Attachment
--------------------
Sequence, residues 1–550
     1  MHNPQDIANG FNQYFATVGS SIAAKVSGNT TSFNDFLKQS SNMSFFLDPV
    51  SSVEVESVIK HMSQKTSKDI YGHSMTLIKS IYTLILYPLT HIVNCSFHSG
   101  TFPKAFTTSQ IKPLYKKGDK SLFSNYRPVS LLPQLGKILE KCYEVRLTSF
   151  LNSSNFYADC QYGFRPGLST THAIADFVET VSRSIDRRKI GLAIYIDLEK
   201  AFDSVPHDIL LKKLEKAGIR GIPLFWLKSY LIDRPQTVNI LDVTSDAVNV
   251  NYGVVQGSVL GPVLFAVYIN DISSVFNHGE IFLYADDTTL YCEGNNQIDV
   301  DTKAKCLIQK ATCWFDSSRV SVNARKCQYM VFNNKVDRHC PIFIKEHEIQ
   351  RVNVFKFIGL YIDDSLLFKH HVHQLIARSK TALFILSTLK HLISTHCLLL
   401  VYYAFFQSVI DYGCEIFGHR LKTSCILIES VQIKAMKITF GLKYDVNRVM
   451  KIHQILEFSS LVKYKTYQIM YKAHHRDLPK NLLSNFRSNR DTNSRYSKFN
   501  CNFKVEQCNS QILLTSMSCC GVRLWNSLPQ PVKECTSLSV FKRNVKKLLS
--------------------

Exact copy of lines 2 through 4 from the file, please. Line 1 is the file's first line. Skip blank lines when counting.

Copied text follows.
     1  MHNPQDIANG FNQYFATVGS SIAAKVSGNT TSFNDFLKQS SNMSFFLDPV
    51  SSVEVESVIK HMSQKTSKDI YGHSMTLIKS IYTLILYPLT HIVNCSFHSG
   101  TFPKAFTTSQ IKPLYKKGDK SLFSNYRPVS LLPQLGKILE KCYEVRLTSF